4 min read

Marketers Flooded With Big Data From Mobile

A gargantuan amount of customer data now flows from mobile devices and social media. But along with challenge comes opportunity for marketers.
As mobile devices like smartphones and tablets become primary, companies are struggling to recast their marketing and messaging strategies--ones built around desktop email--for these "always-addressable" customers and prospects.

That was one of two main themes at Connections2012, email provider ExactTarget's annual user conference last week in Indianapolis. The three-day event attracted some 4,000 attendees.

A related topic was the gargantuan amounts of data flowing from the mobile and social media, and how well marketers are handling these big data sets, which increasingly demand real-time processing.

[ The mobility push is fueling opportunities for app developers. Read more at Enterprise Hunger For Custom Apps Equals Developer Jobs. ]

Conference speaker Angie Hicks Bowman, founder and CMO of local-services review site Angie's List, said massive amounts of data from social media and mobile devices was both a challenge and an opportunity. She said 20% of her marketing department's personnel are data analysts.

While these data feeds "can't completely drive development," Bowman said, they do provide "tremendous insights and information."

Much of that new data is coming across the mobile channel.

By 2016, one-third of U.S. adults will own and use a tablet computer, said Robert Brosnan, a senior analyst serving customer intelligence professionals at Forrester Research. But most enterprise systems today aren't prepared for what he called "always-addressable" customers, whose mobile devices "spit out enormous amounts of data." Indeed, lack of data integration prevents companies from achieving one of their top goals: a uniform view of each customer.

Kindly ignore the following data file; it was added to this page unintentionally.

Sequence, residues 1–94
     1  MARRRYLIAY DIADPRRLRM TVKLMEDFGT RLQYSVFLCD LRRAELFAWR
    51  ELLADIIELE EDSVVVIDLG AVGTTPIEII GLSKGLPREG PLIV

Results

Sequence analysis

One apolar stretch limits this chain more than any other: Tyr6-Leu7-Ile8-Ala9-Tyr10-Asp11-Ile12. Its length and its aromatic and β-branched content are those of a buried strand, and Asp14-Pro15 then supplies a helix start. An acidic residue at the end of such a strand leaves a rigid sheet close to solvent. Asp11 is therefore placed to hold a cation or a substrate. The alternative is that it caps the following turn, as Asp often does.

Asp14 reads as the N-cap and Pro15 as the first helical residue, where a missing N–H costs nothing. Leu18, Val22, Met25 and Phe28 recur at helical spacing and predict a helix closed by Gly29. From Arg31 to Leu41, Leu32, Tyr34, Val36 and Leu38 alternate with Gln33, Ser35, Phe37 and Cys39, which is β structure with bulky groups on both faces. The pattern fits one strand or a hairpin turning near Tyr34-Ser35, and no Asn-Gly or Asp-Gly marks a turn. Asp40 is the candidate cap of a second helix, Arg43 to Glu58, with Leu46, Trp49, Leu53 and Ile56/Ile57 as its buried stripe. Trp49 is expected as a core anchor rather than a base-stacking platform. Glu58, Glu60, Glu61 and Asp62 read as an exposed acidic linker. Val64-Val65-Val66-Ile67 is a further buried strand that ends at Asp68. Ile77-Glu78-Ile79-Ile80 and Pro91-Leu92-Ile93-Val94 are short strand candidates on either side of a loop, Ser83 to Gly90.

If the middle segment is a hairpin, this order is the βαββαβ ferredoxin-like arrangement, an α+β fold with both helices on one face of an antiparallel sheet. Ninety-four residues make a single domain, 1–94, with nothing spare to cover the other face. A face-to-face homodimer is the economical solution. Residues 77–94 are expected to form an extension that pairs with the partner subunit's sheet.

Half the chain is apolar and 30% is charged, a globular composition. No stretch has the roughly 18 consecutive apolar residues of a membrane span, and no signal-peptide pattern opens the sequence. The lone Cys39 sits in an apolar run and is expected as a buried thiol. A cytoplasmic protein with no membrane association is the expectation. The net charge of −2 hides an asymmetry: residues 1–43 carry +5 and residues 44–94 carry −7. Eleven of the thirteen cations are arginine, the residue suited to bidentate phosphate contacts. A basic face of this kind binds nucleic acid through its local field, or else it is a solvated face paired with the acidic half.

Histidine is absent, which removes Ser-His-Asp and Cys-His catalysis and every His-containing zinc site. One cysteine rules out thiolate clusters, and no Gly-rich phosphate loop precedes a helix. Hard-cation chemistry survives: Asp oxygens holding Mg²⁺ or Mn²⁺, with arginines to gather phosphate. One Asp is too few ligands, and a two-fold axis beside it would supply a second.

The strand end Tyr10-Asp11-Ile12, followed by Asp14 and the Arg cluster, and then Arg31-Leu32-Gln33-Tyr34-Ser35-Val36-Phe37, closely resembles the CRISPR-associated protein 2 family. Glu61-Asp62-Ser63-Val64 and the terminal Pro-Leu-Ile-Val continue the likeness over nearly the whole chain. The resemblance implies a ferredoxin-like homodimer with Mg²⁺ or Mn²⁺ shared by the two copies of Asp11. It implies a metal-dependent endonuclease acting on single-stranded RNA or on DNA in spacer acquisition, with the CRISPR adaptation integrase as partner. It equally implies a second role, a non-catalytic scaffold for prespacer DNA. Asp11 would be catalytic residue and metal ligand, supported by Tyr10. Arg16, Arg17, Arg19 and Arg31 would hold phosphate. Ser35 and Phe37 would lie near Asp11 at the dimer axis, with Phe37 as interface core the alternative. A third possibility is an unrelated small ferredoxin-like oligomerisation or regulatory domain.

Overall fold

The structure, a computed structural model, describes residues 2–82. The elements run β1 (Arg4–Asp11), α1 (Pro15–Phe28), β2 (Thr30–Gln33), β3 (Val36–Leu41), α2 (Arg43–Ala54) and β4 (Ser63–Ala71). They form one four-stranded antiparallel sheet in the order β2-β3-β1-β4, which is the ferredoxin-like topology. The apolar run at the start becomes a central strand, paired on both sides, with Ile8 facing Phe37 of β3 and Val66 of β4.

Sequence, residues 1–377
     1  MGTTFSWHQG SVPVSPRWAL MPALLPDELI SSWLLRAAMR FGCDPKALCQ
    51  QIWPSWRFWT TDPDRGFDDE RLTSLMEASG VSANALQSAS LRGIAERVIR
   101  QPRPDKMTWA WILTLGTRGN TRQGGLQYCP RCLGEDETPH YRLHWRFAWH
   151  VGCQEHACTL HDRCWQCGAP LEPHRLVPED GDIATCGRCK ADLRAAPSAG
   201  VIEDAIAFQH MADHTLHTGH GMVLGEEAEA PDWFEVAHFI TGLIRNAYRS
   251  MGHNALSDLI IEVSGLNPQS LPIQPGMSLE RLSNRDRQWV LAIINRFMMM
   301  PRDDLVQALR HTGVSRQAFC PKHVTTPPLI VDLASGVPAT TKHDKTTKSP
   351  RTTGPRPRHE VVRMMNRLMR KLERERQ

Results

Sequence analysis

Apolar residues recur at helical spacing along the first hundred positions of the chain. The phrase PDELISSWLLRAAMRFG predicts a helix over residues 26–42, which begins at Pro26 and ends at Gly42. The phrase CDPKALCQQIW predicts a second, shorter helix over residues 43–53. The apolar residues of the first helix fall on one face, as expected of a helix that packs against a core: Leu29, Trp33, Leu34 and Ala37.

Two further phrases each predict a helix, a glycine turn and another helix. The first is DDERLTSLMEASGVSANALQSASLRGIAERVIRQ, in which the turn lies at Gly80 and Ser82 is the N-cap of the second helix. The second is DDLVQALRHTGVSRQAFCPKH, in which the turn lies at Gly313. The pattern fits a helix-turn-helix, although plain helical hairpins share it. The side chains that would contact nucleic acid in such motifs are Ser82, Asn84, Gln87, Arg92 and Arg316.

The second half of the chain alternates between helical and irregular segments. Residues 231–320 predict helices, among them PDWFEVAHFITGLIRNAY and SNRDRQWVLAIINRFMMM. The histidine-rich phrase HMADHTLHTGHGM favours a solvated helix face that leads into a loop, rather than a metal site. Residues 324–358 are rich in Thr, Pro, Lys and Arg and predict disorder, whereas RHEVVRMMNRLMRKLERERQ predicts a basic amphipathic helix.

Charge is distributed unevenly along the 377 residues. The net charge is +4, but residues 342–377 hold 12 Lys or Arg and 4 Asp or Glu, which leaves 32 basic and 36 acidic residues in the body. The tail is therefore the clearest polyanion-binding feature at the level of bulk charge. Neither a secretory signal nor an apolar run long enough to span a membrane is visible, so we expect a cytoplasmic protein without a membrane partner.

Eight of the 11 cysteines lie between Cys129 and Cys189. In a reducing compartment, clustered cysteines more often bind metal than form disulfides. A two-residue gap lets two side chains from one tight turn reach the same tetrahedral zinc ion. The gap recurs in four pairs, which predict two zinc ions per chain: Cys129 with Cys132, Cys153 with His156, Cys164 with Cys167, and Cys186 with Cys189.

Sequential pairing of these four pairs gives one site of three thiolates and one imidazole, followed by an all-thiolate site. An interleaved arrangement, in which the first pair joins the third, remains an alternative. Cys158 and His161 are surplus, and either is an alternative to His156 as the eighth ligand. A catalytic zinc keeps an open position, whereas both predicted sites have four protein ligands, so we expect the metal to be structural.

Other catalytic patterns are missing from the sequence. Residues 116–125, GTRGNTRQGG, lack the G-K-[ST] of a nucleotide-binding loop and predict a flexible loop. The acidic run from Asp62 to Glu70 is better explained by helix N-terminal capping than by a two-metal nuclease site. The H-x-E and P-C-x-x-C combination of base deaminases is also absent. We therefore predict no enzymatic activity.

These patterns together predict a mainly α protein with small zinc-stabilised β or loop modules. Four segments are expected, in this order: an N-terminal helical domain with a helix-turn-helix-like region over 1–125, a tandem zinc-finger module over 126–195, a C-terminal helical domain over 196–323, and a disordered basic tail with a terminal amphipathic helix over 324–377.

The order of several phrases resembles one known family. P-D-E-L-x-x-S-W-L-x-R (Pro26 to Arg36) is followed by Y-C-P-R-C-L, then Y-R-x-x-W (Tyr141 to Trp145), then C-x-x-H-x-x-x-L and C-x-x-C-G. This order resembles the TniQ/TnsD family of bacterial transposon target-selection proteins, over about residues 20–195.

Forrester believes the apps market, now a $4 billion industry, will be worth $100 billion in the next three or four years.

"We're seeing signs that the app will be the focal point of the brand's entire marketing strategy," said Brent Hieggelke, CMO of Urban Airship, a three-year-old company that provides mobile push notifications and in-app messages.

Hieggelke and others at the conference noted the intimacy of mobile devices. Companies that manage to get their app on a user's home screen or a dock have achieved a vital branding advantage, they said.

A Priority, but...

During a panel discussion, Greg Stewart, global CEO of the Mobile Marketing Association, asked the audience how many had put "mobile" as one of their top five strategic priorities. The majority of hands in the general session went up. But when Stewart asked how many were executing against this priority, only a smattering of hands went up.

"Marketers are overwhelmed with all the new stuff that is coming to them," Stewart wrote in an email when asked about the seeming disconnect in the audience. "However, that in no way negates the missed opportunity, or even lessens the competitive threat, by not jumping on mobile quickly," he wrote, adding, "Consumers have changed--marketers must, too.”

Separately, a just-released CMO Council survey found just 14% of brand CMOs said they were satisfied with their marketing programs.

How to handle mobile customers is an issue at 60-year-old furniture retailer Raymour & Flanigan. "Thirty percent of our website access is coming from phones and tablets," said Jeffrey Couto, the company's digital marketing and CRM manager. He said it was important for the company to find a way into mobile. "But," he added, "people aren't going to buy a sofa that way."

"Delivery is the last step...and we're agnostic about the [messaging] protocol," said Scott McCorkle, ExactTarget's president, technology and strategy. More important, he said, was helping customers get a handle on their data, much of it coming from multiple channels and systems (mobile, Web, social media, CRM), and then creating business rules for deciding what messages to send. "This is increasingly demanding real-time, big-data analysis," he said.

Email Adapts

In its latest Channel Preferences Survey, conducted in January and February, ExactTarget found that while email was thriving--preferred as a promotional channel by 77% of the nearly 1500 online respondents--email declined as a preferred personal communications channel, dropping 21% from 2008. Meanwhile, the preference for text messaging and social media had grown 20% and 10%, respectively, the survey found.

ExactTarget used its conference to make product announcements that touched on mobility and data analytics topics. For instance, it announced an expanded suite of digital marketing applications, including new features for its Interactive Marketing Hub product that integrate with mobile push messaging.

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